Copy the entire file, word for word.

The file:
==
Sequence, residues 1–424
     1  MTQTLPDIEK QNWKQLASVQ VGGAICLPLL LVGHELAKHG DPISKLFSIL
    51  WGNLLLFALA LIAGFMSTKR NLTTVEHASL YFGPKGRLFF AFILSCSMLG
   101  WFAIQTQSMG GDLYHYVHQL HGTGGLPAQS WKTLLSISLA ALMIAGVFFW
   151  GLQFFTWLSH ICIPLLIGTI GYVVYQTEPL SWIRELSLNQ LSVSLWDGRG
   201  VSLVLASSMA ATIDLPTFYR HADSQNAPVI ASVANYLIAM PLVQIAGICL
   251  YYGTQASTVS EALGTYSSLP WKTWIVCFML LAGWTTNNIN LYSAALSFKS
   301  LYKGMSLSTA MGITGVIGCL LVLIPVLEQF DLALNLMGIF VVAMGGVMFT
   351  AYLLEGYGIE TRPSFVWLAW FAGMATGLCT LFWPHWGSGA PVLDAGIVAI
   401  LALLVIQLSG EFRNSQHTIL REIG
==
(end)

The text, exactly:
Sequence, residues 1–424
     1  MTQTLPDIEK QNWKQLASVQ VGGAICLPLL LVGHELAKHG DPISKLFSIL
    51  WGNLLLFALA LIAGFMSTKR NLTTVEHASL YFGPKGRLFF AFILSCSMLG
   101  WFAIQTQSMG GDLYHYVHQL HGTGGLPAQS WKTLLSISLA ALMIAGVFFW
   151  GLQFFTWLSH ICIPLLIGTI GYVVYQTEPL SWIRELSLNQ LSVSLWDGRG
   201  VSLVLASSMA ATIDLPTFYR HADSQNAPVI ASVANYLIAM PLVQIAGICL
   251  YYGTQASTVS EALGTYSSLP WKTWIVCFML LAGWTTNNIN LYSAALSFKS
   301  LYKGMSLSTA MGITGVIGCL LVLIPVLEQF DLALNLMGIF VVAMGGVMFT
   351  AYLLEGYGIE TRPSFVWLAW FAGMATGLCT LFWPHWGSGA PVLDAGIVAI
   401  LALLVIQLSG EFRNSQHTIL REIG